The Pommern, formerly the Mneme (1903–1908), is a windjammer. She is a four-masted barque that was built in 1903 in Glasgow, Scotland at the J. Reid & Co shipyard.
She is one of the Flying P-Liners, the famous sailing ships of the German shipping company F. Laeisz. Later she was acquired by Gustaf Erikson of Mariehamn in the Finnish Åland archipelago, who used her to carry grain from the Spencer Gulf area in Australia to harbours in England or Ireland until the start of World War II.
On 25 November 1928, Pommern was completely dismasted in the English Channel. Her 79 crew were taken off by the German tug Heros. The British ocean liner Lancastria offered assistance but Pommern refused it. Pommern was towed into Saint-Malo, Brittany, France, where she arrived on 30 November 1928. She was repaired and returned to service.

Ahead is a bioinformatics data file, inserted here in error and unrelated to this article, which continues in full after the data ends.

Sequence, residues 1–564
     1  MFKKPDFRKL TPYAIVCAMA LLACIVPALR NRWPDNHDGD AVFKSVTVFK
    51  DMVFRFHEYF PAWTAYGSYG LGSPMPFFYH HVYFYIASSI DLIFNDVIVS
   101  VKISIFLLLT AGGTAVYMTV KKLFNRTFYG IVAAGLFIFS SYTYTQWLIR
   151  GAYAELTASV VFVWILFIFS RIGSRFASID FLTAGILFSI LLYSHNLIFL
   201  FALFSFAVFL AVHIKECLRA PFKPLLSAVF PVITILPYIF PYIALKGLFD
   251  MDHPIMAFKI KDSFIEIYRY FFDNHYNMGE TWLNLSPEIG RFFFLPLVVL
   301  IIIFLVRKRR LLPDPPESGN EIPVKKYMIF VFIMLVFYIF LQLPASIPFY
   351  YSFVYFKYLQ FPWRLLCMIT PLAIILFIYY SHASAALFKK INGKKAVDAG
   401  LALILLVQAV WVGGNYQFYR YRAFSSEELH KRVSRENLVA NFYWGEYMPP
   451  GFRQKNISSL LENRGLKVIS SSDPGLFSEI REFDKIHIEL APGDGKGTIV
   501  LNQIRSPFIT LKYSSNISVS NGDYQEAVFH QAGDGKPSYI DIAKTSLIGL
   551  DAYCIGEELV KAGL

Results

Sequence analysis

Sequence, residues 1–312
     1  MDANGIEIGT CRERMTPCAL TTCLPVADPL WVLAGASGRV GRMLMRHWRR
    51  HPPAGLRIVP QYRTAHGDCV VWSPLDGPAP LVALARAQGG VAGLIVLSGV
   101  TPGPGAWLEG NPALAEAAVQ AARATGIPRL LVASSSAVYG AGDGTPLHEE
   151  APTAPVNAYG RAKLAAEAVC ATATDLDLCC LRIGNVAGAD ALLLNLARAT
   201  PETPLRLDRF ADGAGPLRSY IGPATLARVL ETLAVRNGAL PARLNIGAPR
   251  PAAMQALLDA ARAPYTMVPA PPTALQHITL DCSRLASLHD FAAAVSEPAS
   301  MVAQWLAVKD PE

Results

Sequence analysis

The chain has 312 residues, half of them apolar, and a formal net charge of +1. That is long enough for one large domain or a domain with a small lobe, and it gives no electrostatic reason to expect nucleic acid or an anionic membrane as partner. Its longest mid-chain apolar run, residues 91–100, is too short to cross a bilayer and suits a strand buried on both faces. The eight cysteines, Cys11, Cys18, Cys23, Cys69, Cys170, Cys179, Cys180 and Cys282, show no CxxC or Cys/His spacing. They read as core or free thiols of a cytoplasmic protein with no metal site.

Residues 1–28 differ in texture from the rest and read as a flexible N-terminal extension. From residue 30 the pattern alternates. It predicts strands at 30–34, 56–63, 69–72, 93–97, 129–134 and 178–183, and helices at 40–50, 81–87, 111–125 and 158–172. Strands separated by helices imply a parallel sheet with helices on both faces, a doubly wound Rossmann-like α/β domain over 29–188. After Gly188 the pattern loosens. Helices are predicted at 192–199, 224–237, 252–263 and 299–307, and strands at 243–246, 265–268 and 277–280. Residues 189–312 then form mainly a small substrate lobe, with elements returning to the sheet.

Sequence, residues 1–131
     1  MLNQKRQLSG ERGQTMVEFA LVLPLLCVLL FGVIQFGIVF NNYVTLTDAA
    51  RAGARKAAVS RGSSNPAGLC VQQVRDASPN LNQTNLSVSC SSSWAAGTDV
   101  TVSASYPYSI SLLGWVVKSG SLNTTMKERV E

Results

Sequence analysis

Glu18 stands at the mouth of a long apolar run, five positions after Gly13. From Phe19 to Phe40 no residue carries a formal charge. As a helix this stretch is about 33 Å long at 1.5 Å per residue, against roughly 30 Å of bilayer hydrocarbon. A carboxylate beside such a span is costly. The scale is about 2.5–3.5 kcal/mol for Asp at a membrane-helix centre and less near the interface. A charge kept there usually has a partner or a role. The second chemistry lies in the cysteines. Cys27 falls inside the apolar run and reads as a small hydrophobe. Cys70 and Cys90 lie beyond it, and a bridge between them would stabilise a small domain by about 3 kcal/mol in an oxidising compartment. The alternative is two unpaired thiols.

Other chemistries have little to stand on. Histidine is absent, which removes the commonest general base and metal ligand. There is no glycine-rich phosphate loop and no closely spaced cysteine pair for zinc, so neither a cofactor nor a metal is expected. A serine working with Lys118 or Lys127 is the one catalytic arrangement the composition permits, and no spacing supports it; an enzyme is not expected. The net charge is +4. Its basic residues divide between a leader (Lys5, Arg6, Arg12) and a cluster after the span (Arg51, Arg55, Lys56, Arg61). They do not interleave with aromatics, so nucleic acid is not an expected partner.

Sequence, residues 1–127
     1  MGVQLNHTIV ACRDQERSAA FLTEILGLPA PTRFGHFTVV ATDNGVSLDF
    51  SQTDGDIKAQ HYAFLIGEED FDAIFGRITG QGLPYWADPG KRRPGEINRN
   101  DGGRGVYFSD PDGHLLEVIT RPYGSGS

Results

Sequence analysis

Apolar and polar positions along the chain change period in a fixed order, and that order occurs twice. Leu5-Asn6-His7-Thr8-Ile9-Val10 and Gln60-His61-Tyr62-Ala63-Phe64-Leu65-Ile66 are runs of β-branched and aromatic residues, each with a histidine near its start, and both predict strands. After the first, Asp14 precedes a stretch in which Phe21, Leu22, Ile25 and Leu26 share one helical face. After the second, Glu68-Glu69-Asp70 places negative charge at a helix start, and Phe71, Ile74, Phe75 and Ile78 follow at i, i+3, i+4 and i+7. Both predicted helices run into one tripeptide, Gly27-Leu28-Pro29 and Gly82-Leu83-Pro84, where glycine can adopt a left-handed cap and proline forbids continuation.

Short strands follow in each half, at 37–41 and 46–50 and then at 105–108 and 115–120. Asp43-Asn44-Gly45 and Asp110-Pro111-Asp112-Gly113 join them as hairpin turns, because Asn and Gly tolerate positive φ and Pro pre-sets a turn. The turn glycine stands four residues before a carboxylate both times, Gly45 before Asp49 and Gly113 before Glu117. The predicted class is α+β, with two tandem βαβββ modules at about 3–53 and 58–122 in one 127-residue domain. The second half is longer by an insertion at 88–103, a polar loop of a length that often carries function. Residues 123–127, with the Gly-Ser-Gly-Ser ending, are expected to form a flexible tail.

On 2 March 1925, Pommern ran aground at Port Germein, South Australia, but she was refloated and returned to service.
After World War II, Pommern was donated to the town of Mariehamn as a museum ship. She is now a museum ship belonging to the Åland Maritime Museum and is anchored in western Mariehamn, Åland. A collection of photographs taken by Ordinary Seaman Peter Karney in 1933 showing dramatic pictures of life on a sailing ship rounding Cape Horn can be found in the National Maritime Museum at Greenwich.
Pommern has the reputation of being a "lucky ship". She survived both world wars unscathed, lost only four crew members at sea on her journeys, and won the Great Grain Races twice, 1930 and 1937. She is one of the most popular landmarks of Åland, and is visited by thousands of visitors annually.
Four other Clyde-built tall ships are still afloat:
Balclutha (San Francisco)
Falls of Clyde (Hawaii)